Prayers of Desperation

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Nehemiah 1:1–11

1 The words of Nehemiah the son of Hachaliah.

It came to pass in the month of Chislev, in the twentieth year, as I was in Shushan the citadel, that Hanani one of my brethren came with men from Judah; and I asked them concerning the Jews who had escaped, who had survived the captivity, and concerning Jerusalem. And they said to me, “The survivors who are left from the captivity in the province are there in great distress and reproach. The wall of Jerusalem is also broken down, and its gates are burned with fire.”

So it was, when I heard these words, that I sat down and wept, and mourned for many days; I was fasting and praying before the God of heaven.

And I said: “I pray, Lord God of heaven, O great and awesome God, You who keep Your covenant and mercy with those who love You and observe Your commandments, please let Your ear be attentive and Your eyes open, that You may hear the prayer of Your servant which I pray before You now, day and night, for the children of Israel Your servants, and confess the sins of the children of Israel which we have sinned against You. Both my father’s house and I have sinned. We have acted very corruptly against You, and have not kept the commandments, the statutes, nor the ordinances which You commanded Your servant Moses. Remember, I pray, the word that You commanded Your servant Moses, saying, ‘If you are unfaithful, I will scatter you among the nations; but if you return to Me, and keep My commandments and do them, though some of you were cast out to the farthest part of the heavens, yet I will gather them from there, and bring them to the place which I have chosen as a dwelling for My name.’ 10 Now these are Your servants and Your people, whom You have redeemed by Your great power, and by Your strong hand. 11 O Lord, I pray, please let Your ear be attentive to the prayer of Your servant, and to the prayer of Your servants who desire to fear Your name; and let Your servant prosper this day, I pray, and grant him mercy in the sight of this man.”

For I was the king’s cupbearer.

Please take a minute to read the entire chapter noticing the desperation of Nehemiah.  In his heart, the condition of Jerusalem was a life-or-death situation.  The burden of Jerusalem’s safety and the safety of the people who lived there and had rebuilt the Temple and were worshipping there was heavy on Nehemiah.  He fasted, he prayed, his face showed his great concern (as we read in chapter 2).  The need of Jerusalem was changing his life and he just could not get away from the burden.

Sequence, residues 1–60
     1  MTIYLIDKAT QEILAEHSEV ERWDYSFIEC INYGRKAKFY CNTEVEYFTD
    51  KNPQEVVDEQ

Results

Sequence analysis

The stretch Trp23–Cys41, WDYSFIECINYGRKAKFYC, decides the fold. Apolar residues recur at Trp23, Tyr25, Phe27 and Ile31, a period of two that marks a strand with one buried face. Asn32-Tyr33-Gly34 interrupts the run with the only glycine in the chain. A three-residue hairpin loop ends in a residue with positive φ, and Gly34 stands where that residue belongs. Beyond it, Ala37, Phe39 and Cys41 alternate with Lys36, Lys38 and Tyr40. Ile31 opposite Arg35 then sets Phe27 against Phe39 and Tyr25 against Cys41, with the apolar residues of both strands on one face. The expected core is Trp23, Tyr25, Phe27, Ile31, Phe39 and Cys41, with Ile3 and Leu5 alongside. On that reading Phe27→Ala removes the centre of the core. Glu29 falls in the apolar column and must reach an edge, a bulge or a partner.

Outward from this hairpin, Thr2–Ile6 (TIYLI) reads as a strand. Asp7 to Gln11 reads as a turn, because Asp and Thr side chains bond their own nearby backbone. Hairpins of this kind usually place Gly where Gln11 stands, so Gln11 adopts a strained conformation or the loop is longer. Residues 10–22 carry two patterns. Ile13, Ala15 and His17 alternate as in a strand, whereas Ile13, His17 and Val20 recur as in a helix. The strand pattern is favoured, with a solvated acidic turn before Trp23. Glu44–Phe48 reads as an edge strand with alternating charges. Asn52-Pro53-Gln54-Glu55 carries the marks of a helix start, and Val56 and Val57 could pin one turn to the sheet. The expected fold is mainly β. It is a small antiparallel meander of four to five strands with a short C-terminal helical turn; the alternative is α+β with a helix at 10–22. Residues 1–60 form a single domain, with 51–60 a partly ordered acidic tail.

When was the last time you were so burdened?  When was the last time that you recognized life-and-death in the balance and prayed as though your life or someone else’s life depended upon it?

As we study and focus on prayer I am seeing this attitude throughout the Bible.  Instead of giving you examples, I would like you to think about this on your own.  How many biblical situations record prayers that came from someone in a desperate situation?  If you would make a list of these and send them to me I would compare and compile it and share it with you tomorrow.

When life or death is on the line our prayers change, our lives change.  When we become that desperate in prayer our very lives change and that is one of the primary purposes in prayer.  For when we change as we pray God hears and God answers.  He did for Nehemiah.  As you compile your list of others who prayed like this, whose lives were changed, you will see that God consistently responds to this type of prayer.

What is life-or death for you?  Think about this today and see if it changes the way you pray today.

I have two specific prayer requests to bring to you today.  Here is the description of Austin’s two-day surgery: they are going to be removing part of his vertebrae from a non-cancerous tumor. His mom says it is very serious they will be cutting into an artery he could also have a stroke they will be replacing vertebrae w/screws & hardware  it will be a  two day surgery.  Austin is a friend of Natalie Ludwig.  He is fifteen years old.

 

Ayrin Molefe’s  mother, Imelda Calachan who lives in the Philippines is in congestive heart failure with water in her lungs. 

 

Both of these people in very serious physical condition need Christ.  Let us bond together in prayer that God would bring them to Himself in their hour of the shadow of death. 

 

As always, I appreciate your prayers in our community service at Sunrise on Tuesday mornings.

 

I was praying this morning for God to show Himself strong and bring children to our VBS next week.  It looks like a good weather week.  Recognize the life-and-death nature of this outreach and pray for God to bring children in. 

 

Have a great day in the Lord, PS

 

 

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